United Kingdom moves to classify drones as aircrafts

Darnell Taylor
November 7, 2019

Drone users in the United Kingdom must now sit an online test and pay a £9 annual fee or face a £1,000 fine after the launch of a mandatory national registration scheme on Tuesday. As well as registration, anyone flying a drone over 250g must also take an online education and test.

The mandatory requirement to register covers any drone or model aircraft weighing more than 250g (8.8oz).

The regulator said it expects that 90,000 people will be required to register as drone operators under the new rules.

The online test for obtaining the flyer ID involves answering 20 multiple-choice questions.

At the same time, the CAA is starting a service it hopes will reunite owners with their lost drones.

Pilots who lose a drone will be able to record the loss via the CAA's drones-reunited site.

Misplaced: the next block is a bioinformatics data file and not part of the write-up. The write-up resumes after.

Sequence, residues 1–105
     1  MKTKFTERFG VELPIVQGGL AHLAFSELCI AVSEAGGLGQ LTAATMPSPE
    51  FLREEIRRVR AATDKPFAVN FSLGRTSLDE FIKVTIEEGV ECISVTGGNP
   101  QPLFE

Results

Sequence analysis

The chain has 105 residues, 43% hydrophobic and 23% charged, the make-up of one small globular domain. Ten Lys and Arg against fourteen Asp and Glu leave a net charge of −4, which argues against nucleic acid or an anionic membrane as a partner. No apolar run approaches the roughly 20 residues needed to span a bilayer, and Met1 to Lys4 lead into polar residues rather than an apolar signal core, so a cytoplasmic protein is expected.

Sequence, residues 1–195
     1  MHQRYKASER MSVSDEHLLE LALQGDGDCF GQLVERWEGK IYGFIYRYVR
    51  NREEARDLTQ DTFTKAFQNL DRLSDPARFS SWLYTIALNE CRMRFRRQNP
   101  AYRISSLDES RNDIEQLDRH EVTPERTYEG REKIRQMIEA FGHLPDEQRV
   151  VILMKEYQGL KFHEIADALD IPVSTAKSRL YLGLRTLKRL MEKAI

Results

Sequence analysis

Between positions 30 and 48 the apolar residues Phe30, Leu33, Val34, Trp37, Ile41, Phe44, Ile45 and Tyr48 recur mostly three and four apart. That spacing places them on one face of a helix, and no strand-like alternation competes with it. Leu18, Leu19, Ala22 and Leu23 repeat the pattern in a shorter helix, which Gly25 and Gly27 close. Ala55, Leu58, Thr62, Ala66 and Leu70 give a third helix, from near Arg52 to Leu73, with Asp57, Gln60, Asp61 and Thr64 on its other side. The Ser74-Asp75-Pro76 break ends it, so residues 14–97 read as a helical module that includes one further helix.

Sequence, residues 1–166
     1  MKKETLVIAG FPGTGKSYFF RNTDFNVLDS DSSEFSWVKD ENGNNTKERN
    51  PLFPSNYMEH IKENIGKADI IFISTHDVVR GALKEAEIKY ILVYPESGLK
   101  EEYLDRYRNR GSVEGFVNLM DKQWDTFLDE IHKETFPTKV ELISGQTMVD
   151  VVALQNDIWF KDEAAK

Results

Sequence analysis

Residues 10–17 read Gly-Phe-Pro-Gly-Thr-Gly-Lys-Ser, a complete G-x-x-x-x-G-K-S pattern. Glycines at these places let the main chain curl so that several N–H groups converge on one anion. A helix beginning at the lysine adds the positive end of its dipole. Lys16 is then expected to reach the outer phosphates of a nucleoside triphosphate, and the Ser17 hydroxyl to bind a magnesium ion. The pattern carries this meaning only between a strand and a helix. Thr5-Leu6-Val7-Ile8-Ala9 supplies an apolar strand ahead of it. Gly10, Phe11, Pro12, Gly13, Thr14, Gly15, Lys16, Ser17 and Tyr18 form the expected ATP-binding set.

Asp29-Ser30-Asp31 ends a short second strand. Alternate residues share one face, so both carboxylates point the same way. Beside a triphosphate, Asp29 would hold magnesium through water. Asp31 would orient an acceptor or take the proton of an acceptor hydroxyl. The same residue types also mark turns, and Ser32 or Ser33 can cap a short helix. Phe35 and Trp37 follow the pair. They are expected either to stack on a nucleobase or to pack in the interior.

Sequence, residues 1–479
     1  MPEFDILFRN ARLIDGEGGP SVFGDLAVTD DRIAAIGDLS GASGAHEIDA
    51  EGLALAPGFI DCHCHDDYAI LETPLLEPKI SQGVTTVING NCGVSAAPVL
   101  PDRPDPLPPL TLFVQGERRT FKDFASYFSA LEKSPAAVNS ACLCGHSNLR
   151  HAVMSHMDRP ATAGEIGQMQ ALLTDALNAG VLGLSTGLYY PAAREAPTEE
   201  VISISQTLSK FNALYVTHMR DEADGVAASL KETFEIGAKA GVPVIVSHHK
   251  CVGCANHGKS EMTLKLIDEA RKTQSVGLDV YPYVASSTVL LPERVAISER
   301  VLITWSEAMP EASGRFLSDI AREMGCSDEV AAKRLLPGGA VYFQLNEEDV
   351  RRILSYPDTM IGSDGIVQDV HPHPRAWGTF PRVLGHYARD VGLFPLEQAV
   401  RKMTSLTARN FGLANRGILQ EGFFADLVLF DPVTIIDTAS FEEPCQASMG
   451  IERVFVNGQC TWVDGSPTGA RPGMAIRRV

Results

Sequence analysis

The CAA said anyone who registered their drone would get free access to the service, which issues each device with a unique identification code.

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Most of the lost drone went missing due to damage in flight, the study showed. And in a quarter of cases it's down to pilot error.

If you own a drone, you'll also need an Operator ID, which costs £9 and must be renewed annually.

A CAA spokesman said the site would "give something back to the community, helping responsible drone owners and operators to be reunited with lost drones and continue flying".

United Kingdom ministers have come in for serious criticism for lagging on drone regulations in recent years after a spate of drone sightings at the country's busiest airport grounded flights last December, disrupting thousands of travelers. "Our aim is for the Drones Reunited platform to become an essential service for the drone community - the first port of call for anyone who has lost, or found, a drone".

Registration of drones will cost 9 pounds (11.6 USA dollars) a year and also give access to the Drones Reunited platform which is a new scheme also launched Tuesday.

Days before Christmas, Gatwick airport had to take the unprecedented decision to close its single runway over a three day period, after drones were spotted.

Despite an extensive police search and the use of military systems, as well as £50,000 reward, the unidentified drone operators were not caught.

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